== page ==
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UP Aerospace Completes Two Space Launches Within Five Days

PRESS RELEASE PR Newswire
Sep. 21, 2018, 04:00 PM

TRUTH OR CONSEQUENCES, N.M., Sept. 21, 2018 /PRNewswire-PRWeb/ — UP Aerospace demonstrated their ability to fly sub-orbital launch vehicles in rapid succession. Within 5 days of each other, UP Aerospace successfully launched two of their SpaceLoft vehicles into space.

Jerry Larson noted that, “UP Aerospace’s ability to develop and successfully launch a rocket in such a short amount of time demonstrates the high level of skill, dedication, and professionalism of his team.” NASA’s Flight Opportunities Campaign Manager, Paul De Leon shared, “It was great to see UP Aerospace demonstrate the ability to perform back to back launches, by performing both of SL-11 and SL-12 missions in less than a week.”

September 12, 2018 – UP Aerospace successfully launched their SpaceLoft 12 (SL-12) vehicle into space. The vehicle reached an altitude of 354,000 feet. This launch was flown for NASA’s Flight Opportunities Program. The vehicle carried two experiments from NASA Ames Research Center, as well as one payload from NASA’s Kennedy Space Center.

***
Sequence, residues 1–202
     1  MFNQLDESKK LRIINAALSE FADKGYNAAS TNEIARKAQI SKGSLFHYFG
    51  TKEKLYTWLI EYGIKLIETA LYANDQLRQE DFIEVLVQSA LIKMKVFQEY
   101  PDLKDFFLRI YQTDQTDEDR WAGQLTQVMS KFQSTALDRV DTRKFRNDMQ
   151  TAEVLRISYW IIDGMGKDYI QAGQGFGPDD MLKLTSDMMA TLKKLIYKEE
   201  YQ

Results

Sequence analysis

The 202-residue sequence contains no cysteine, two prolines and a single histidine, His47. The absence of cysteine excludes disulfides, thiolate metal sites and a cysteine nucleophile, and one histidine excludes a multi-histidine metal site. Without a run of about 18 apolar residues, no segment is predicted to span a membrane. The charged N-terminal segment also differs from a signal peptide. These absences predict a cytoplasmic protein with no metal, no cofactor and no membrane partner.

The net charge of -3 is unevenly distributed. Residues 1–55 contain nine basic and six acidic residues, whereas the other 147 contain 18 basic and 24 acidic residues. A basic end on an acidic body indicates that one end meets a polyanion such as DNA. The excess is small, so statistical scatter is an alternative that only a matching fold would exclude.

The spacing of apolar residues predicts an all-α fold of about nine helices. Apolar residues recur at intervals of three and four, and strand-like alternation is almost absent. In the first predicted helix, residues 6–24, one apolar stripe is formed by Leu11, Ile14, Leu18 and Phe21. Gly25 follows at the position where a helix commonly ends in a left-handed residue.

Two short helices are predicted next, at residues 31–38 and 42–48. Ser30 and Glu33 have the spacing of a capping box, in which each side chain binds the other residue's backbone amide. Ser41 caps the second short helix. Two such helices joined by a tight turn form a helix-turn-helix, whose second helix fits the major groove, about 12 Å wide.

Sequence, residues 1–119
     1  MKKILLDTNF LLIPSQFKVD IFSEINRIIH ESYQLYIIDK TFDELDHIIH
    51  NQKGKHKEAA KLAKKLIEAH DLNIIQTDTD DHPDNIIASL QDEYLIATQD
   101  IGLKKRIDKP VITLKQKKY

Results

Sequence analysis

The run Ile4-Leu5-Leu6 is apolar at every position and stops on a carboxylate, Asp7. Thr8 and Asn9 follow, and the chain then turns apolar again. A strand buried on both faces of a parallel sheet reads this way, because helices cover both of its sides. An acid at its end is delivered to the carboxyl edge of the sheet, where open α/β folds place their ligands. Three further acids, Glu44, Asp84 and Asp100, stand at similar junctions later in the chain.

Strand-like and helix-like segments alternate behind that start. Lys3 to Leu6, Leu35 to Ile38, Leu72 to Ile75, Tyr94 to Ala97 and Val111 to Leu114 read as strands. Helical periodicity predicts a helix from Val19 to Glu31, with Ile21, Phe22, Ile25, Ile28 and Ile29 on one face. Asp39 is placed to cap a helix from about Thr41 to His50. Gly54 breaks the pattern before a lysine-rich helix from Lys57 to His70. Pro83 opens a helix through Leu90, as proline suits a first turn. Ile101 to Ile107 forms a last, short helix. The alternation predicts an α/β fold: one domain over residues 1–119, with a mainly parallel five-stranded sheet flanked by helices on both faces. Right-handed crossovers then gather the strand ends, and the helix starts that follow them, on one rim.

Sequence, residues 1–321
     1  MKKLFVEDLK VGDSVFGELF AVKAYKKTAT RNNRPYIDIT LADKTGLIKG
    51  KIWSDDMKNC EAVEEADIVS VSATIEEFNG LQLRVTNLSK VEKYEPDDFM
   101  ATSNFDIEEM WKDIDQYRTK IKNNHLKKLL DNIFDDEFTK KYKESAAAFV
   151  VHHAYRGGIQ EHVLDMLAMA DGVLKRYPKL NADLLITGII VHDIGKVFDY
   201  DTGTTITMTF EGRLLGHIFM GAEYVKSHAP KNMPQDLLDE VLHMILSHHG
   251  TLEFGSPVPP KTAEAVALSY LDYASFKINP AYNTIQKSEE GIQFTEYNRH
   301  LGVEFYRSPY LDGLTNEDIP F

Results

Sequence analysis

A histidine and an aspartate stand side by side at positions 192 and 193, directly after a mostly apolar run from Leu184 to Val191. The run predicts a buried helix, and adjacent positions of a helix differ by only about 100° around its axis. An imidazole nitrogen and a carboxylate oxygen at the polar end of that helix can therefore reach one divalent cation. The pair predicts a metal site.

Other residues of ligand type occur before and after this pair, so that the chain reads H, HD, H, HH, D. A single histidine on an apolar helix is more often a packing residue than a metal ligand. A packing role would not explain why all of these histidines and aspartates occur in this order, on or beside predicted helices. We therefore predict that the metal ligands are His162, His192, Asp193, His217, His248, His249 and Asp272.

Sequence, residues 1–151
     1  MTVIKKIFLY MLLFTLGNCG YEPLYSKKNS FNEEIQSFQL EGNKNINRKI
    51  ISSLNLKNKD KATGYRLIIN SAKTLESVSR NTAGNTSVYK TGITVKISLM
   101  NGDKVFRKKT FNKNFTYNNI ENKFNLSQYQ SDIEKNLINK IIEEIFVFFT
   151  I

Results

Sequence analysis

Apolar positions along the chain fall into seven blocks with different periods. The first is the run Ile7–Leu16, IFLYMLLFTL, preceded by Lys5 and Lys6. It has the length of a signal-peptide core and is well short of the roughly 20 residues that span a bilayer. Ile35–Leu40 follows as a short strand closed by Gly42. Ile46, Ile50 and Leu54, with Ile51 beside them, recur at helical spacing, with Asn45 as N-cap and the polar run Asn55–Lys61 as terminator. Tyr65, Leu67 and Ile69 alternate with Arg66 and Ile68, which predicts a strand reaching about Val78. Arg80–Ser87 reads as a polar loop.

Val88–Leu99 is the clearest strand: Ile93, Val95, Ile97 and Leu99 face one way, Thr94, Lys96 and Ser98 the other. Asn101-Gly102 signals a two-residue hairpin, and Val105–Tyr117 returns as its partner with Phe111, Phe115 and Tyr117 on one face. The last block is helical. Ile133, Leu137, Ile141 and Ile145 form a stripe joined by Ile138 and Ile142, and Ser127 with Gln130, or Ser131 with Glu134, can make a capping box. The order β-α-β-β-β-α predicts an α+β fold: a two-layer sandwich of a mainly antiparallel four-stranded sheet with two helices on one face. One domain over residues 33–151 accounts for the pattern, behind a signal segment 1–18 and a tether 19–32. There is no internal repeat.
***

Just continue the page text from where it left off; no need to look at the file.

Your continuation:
September 17, 2018 – UP Aerospace launched their second vehicle SpaceLoft 11 (SL-11) into space. The vehicle reached an altitude of 357,800 feet. This mission was also flown for NASA’s Flight Opportunities Program. SpaceLoft 11 carried experiments from NASA Ames Research Center, NASA Armstrong Research Center, Barcelona Tech, Controlled Dynamics, Celestis, and the FAA.

UP Aerospace President Jerry Larson stated that, “with our in house state of the art rocket motor development and manufacturing facility, we are able to provide a launch from conception to launch in about 6 months.” The payloads are retrieved following the launch and most often returned to the payloaders within hours following the launch. Jerry also said that, “NASA’s Flight Opportunities Program has been a great partner with UP Aerospace.”

UP Aerospace provides sub orbital flights to provide payloads a micro gravity environment for testing experiments in space.